Stanfield-area cotton farmer Will Thelander is growing Guayule on contract with Bridgestone. As an early adopter, he sees value in the crop for his area.

"There's really a lot of potential for that crop because it's a desert crop," he said. "It doesn't want much water."


Bridgestone was recently awarded a grant from the U.S. Department of Energy to expand its natural rubber research. The DOE Joint Genome Institute Research Grant seeks to sequence and map genes from three guayule varieties to optimize rubber yield. Field tests will be conducted at the company's Eloy research farm and at locations across Arizona, California, New Mexico, and Italy, according to a company statement.

Bridgestone continues to learn about the crop as it partners with the University of Arizona to study the desert shrub. Dierig says the plant appears to do better in well-drained soils. The clay soils they have at the research farm tend to better harbor disease issues. While sandier soils can help mitigate disease pressure, these soils also require more water to irrigate the crop, he said.


Bridgestone plans to have its first commercial-scale guayule processing plant completed in 2027. The intent is to contract for 20,000 acres of guayule by then and expand to 100,000 acres of guayule shortly thereafter. The facility will be built with expansion in mind, starting with a single processing line. Three additional lines will be added to the facility as crop acreage grows.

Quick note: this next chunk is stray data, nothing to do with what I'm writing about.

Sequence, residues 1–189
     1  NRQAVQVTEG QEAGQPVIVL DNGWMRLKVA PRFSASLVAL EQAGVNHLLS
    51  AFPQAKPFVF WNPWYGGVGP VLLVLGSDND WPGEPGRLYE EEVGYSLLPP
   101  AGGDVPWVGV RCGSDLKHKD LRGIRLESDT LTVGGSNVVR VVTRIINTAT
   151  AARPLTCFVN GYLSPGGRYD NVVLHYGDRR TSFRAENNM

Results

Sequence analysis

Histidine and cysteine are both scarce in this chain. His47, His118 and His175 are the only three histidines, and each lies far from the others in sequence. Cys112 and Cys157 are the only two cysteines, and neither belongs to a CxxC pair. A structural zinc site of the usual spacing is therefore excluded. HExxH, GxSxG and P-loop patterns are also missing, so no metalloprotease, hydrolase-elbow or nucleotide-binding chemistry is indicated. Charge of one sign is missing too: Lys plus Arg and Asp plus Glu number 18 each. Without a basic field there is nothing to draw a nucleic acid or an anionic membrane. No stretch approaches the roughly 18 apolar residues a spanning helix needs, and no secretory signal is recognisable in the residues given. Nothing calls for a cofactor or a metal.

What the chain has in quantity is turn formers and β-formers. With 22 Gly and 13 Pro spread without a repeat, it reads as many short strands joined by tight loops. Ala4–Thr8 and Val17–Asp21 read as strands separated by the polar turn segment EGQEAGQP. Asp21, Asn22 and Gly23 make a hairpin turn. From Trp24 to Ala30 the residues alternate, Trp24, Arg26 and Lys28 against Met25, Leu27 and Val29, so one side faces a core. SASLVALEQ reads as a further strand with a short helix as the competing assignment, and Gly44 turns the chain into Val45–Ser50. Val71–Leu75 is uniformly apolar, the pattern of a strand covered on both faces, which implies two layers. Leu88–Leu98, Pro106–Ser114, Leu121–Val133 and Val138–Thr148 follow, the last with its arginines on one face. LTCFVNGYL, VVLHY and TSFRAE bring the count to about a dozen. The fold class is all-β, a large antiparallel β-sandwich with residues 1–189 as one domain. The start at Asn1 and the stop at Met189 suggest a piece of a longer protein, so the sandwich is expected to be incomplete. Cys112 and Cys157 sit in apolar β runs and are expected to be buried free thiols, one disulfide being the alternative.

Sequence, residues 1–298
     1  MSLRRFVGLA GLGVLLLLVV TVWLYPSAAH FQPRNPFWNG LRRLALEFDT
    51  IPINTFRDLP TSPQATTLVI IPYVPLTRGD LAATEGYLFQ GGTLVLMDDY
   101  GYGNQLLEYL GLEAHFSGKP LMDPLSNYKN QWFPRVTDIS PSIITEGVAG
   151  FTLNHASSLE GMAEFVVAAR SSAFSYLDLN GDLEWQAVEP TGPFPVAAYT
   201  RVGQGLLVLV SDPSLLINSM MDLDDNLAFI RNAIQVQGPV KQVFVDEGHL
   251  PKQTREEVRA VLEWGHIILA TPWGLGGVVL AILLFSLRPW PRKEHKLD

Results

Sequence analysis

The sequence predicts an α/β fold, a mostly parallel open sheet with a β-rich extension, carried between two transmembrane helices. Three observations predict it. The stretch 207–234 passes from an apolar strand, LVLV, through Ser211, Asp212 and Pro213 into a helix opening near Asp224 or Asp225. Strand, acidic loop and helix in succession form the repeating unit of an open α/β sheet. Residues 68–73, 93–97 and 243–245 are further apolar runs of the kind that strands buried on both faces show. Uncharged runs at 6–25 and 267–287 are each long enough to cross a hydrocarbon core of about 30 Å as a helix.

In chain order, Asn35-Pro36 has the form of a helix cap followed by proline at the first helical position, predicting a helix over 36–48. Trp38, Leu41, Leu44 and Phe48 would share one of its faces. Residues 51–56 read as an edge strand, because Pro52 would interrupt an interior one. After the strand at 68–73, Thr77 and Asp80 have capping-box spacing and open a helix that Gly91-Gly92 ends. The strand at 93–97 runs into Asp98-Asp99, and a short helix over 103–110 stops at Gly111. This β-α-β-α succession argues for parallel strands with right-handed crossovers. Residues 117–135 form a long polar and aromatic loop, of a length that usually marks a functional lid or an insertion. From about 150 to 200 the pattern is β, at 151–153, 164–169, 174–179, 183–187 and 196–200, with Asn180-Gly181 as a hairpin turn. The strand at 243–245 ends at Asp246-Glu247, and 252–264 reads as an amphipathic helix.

The business model of contracting with growers eliminates the burden of them having to harvest then sell their crop. Bridgestone will be a steady customer and partner with the farmers, he said.

Related: Tire company raising rubber in the desert

Bridgestone sees this as part of its commitment to be completely sustainable and use 100% renewable materials by 2050. The company has already spent over $100 million in its efforts to commercialize guayule. In 2015 the company produced its first tire from guayule-derived rubber as it continues to expand its molecular breeding program for the plant.

Farmers interested in learning more about guayule and in working with Bridgestone can contact David Dierig at [email protected].

About the Author(s)

Todd Fitchette

Associate Editor, Western Farm Press

Todd Fitchette, associate editor with Western Farm Press, spent much of his journalism career covering agriculture in California and the western United States. Aside from reporting about issues related to farm production, environmental regulations and legislative matters, he has extensive experience covering the dairy industry, western water issues and politics. His journalistic experience includes local daily and weekly newspapers, where he was recognized early in his career as an award-winning news photographer.

Fitchette is US Army veteran and a graduate of California State University, Chico.